Gap Finds a Very Environmentally Friendly Way of Throwing out Millions of Hangers a Year. It’s a Miracle! Or a Total Load of Crap! You Decide and Have a Little Fun with a Gap Representive Today!

benderSo…in response to my complaint about Old Navy’s 20% bag blitz, Burbarino informed me that they also throw out all of their hangers after one use. Uggggg. So I decided to hear it from the horse’s ass’s mouth….and this is what I gave and what I got:

Dear Gap Associate,
I recently read that you throw out all of your hangers after a single use?
Please tell me this is not true. What are your hanger recycling
Thank you,
[Organic Needle]

Dear Ms. [Needle],
Thank you for your e-mail about our hangers at our Gap Brand Stores. In order
to best assist you, we ask that you please call Gap Customer Relations
at 1-800-GAP-STYLE, option 4, option 4, and then option 2. Our Customer
Relations Specialists are available Monday through Friday, 9 a.m. to 9
p.m., Saturday, 11 a.m. to 9 p.m., and Sunday, 12 p.m. to 6 p.m. ET.

Thank you again for contacting us.


Customer Service Consultant

Hmmmmmm….do you think they don’t want to answer the question or a cyborg answered the email?

So…I called. And you should too because my representative was squirrrrrrrrmmmmmming like a worm on a hook. Here is how it went.

Me: I have a question about your store policy as to hangers. Do you throw them all out after a single use?

Her: I have no specific information about that.

Me: Well, do they get returned to the factory?

Her: Not that I see noted.

Me: Are they recycled?

Her: I have no specific information about that.

Me: Do new clothes come in on new hangers?

Her: Yes…to prevent wrinkles.

Me: Well…where do they all go after the clothes are sold?

Her: We are an environmentally friendly company and I’m sure the store reuses which ones are in reusable condition.

Me: But if all new stuff is coming in on new hangers, what would they be reused for?

Her: Mam…I have no specific information on that.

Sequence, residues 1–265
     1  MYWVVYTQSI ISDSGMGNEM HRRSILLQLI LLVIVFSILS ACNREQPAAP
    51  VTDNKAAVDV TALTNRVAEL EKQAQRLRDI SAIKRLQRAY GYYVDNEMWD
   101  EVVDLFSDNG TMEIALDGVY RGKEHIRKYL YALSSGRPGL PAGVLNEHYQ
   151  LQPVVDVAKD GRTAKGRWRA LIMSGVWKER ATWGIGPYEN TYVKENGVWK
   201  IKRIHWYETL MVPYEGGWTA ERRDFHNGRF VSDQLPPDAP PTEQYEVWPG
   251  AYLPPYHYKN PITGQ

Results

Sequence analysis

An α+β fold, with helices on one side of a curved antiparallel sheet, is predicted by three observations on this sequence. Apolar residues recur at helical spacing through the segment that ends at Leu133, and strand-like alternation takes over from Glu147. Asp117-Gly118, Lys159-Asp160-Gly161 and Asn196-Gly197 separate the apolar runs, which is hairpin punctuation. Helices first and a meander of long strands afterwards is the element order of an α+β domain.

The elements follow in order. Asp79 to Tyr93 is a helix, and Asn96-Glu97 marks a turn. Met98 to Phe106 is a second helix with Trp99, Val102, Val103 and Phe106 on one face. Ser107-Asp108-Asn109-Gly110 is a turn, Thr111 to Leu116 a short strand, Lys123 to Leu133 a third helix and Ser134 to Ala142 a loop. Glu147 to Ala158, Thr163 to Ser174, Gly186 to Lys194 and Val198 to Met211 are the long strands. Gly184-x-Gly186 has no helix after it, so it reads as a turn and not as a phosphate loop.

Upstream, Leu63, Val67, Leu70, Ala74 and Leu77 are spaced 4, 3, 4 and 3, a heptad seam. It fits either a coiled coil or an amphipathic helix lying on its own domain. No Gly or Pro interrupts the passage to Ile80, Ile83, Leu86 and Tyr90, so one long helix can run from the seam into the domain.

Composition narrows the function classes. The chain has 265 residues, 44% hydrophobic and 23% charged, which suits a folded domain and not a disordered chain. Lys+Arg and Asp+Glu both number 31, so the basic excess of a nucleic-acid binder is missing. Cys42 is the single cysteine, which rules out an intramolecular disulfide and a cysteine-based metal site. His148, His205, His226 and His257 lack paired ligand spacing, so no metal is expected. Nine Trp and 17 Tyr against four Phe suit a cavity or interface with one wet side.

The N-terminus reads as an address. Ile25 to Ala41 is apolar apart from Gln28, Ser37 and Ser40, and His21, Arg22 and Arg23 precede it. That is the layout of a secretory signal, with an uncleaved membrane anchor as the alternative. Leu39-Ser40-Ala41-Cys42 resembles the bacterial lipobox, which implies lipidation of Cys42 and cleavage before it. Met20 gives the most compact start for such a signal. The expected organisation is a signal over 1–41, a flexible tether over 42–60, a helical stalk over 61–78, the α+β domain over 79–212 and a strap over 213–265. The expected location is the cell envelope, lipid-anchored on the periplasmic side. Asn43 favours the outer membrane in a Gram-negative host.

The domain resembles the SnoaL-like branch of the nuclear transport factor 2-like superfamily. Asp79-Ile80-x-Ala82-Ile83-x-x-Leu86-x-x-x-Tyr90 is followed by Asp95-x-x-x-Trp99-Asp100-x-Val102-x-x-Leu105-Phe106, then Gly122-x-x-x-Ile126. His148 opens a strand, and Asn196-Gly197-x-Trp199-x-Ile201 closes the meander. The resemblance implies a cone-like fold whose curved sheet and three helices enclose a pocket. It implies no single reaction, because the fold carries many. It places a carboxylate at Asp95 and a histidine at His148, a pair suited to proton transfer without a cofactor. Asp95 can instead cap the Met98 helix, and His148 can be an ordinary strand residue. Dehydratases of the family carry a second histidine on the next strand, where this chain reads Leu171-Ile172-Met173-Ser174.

Me: Is there a way to find out? There must be some sort of official policy.

Her: Not that I can note here. If information becomes available you can check back.

Me: Well, I will assume that they all are thrown out unless told otherwise.

Her Mam…I have no specific information. Gap is an environmentally friendly company.

So your homework for today is to call the numbers above and make your customer service representative veeeeeeery uncomfortable. This hanger practice is ridiculous. If you call and just keep pressing the numbers listed above in the letter it will put you right through to get your own personal run around. Enjoy! If any of you decide to have a little fun and call please comment and let me know how it goes.

25 Responses to “Gap Finds a Very Environmentally Friendly Way of Throwing out Millions of Hangers a Year. It’s a Miracle! Or a Total Load of Crap! You Decide and Have a Little Fun with a Gap Representive Today!”

  1. Added by heather t on April 16th, 2008 at 11:33 am


    Here’s where I potentially get busted for outing myself as blogging about an employer, but Kohl’s reuses their hangers! We reuse them in the store and send the extras back to the distribution centers for re-use.

    The broken ones, unfortunately, tend to get tossed.

  2. Added by organicneedle on April 16th, 2008 at 12:15 pm

    Good to know Heather. I am also impressed that they have quite a few baby items in organic cotton. They even had a few adult t-shits, rugs, and other little things. Very cool. Nothing for the ladies…but it’s more extensive than the Gap’s collection.

  3. Added by arduous on April 16th, 2008 at 12:25 pm

    Oh man. Okay Orgie. I promise I will do this, but I have to do it when I feel like I can handle the inevitable rise in blood pressure from such a conversation. I’ll let you know how it went….

  4. Added by Erin on April 16th, 2008 at 3:22 pm